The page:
Russia is the world’s largest producer of palladium, a key component of exhaust filters that keep our cars running cleanly.
Some investors are betting that fears about the potential interruption of Russian palladium shipments will keep prices high in the $3.2-billion futures market if the dispute over Ukraine drags on.
Russia holds the greatest sway over the global palladium market, with about 42 percent of global output. The Kremlin amassed a large hoard of palladium during the Soviet era, which it has gradually sold off.
|77 percent of the demand for palladium is driven by the automotive sector.|
Sales have declined in recent years, and some traders and analysts worry the reserve is running out.
Russian officials have maintained that stockpile levels are a state secret.
Some palladium is used in jewelry, but 77 percent of the demand for this precious metal is driven by the automotive sector, according to specialty-metals company Johnson Matthey.
Palladium is used in gasoline-burning vehicles that dominate the world’s biggest car markets in both China and the U.S.
There is no easy way to boost production from other sources to make up for a shortfall from Russia.
Mine workers have been on strike in South Africa, which supplies about 37 percent of global production, since January 23, and that is expected to lower the country’s palladium output by 280,000 ounces this year.
This is the equivalent of 4 percent of last year’s 6.5-million ounces of palladium mined globally.
Russia and South Africa accounted for nearly 80 percent of global palladium supply last year.
Analysts at HSBC predict palladium supply will trail demand by 1.06-million ounces this year, double last year’s shortfall. The largest global supplier of palladium, Russia’s Norilsk, said last summer that the gap between supply and demand was widening and may reach 60 metric tons by 2020.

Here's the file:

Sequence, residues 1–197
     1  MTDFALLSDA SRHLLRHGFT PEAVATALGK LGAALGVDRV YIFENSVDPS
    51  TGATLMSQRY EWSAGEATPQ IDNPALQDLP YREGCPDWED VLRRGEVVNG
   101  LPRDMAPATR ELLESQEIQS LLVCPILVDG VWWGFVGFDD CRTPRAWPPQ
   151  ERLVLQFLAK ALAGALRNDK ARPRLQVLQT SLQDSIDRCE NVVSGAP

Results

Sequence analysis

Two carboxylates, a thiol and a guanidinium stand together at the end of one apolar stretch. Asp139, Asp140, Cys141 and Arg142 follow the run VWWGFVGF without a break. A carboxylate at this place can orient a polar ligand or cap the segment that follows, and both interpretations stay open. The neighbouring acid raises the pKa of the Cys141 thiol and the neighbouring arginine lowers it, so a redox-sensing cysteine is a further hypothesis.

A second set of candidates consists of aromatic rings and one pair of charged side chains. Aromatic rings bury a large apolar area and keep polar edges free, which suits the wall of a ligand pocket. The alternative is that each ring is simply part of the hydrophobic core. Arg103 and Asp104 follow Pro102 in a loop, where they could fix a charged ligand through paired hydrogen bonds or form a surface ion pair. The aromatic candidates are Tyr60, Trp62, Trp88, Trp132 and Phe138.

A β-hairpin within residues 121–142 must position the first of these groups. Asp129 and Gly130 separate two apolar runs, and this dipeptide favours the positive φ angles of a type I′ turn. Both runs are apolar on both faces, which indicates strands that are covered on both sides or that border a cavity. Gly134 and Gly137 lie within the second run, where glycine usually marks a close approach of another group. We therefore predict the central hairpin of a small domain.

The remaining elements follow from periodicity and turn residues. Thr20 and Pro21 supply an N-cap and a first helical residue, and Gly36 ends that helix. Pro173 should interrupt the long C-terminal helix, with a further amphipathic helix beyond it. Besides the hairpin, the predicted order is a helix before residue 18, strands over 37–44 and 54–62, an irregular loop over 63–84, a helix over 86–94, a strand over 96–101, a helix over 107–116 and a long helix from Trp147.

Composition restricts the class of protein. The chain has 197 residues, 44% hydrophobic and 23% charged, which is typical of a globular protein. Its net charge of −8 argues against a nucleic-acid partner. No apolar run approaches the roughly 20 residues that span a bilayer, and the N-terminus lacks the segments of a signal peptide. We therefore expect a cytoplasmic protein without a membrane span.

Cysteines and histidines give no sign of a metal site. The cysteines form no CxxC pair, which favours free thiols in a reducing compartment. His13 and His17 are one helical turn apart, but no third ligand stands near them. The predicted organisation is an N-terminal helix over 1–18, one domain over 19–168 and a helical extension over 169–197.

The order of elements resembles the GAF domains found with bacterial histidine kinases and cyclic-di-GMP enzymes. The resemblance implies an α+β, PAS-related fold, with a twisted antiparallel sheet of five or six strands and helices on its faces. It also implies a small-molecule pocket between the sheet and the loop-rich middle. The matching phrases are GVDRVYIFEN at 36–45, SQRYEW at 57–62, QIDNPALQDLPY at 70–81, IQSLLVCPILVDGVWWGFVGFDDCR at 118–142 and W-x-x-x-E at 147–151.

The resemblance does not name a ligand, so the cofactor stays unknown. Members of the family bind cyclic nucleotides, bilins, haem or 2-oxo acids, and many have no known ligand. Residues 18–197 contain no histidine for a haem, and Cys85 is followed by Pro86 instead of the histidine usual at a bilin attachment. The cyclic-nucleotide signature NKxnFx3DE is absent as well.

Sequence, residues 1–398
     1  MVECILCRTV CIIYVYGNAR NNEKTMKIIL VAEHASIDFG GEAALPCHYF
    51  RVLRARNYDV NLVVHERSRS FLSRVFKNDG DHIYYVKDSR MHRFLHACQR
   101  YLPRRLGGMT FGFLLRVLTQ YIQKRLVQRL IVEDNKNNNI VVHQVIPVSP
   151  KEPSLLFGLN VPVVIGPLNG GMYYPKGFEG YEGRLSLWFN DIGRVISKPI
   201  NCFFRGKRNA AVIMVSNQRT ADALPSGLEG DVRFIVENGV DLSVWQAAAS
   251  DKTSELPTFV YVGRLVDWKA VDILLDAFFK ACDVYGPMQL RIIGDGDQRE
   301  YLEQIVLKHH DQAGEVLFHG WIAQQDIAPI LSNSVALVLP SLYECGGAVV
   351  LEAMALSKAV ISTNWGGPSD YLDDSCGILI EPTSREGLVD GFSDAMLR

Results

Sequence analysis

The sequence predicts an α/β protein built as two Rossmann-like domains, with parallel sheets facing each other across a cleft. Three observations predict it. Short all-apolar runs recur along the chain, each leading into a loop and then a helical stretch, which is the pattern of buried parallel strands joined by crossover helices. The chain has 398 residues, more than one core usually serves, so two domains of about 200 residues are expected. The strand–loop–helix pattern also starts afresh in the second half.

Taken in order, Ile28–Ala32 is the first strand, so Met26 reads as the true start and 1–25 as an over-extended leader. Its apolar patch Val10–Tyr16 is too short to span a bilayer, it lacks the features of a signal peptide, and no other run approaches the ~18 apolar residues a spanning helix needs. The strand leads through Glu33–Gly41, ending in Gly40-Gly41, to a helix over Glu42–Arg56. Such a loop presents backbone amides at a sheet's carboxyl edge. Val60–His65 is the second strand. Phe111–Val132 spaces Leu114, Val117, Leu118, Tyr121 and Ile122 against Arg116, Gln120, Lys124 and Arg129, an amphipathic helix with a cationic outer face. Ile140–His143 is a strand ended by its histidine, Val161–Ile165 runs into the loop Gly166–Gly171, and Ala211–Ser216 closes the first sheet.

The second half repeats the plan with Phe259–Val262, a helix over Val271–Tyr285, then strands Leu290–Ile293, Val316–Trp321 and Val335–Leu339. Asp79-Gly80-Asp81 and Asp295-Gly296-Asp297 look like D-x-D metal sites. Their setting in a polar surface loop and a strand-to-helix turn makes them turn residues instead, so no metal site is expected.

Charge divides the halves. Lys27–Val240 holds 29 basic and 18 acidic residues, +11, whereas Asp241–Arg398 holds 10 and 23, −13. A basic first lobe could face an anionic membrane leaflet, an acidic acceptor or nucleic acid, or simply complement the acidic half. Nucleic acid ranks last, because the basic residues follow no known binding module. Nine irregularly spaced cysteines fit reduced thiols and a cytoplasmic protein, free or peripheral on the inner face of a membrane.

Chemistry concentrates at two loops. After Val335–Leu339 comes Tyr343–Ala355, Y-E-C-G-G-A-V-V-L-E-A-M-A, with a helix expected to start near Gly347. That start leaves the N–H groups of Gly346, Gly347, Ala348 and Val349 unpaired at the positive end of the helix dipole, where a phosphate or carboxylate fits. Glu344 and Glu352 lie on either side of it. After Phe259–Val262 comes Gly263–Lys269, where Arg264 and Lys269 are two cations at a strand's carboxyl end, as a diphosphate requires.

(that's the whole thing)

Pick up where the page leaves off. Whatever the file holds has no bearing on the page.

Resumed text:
Norilsk also gave insight on what has been bridging the gap between supply and demand for years: secret Russian government stockpiles of the metal.
Norilsk believes that these once-mountainous stockpiles may disappear altogether in 2014, tightening supplies even further.
Let’s not forget, either, that against that dwindling supply situation, you have rising demand.
The two largest vehicle markets — the United States and China — are dominated by gasoline-powered vehicles. Not only is the U.S. vehicle market growing nicely, at an annualized rate of 16 million autos, but China (now the biggest vehicle market) also saw growth of more than 14 percent last year to about 22 million vehicles.
And another double-digit sales gain is expected in China this year. If Europe or the U.S. places economic sanctions on Russia for interfering in Ukraine, traders are worried that the Kremlin might withhold much-needed supplies of the metal.
Either way, palladium exports from Russia could be in jeopardy, and could trigger a panic buying spree, lifting palladium to as high as $1,000 /oz, from around $775 today.
One can buy the palladium ETF, symbol PALL, on the New York Stock Exchange.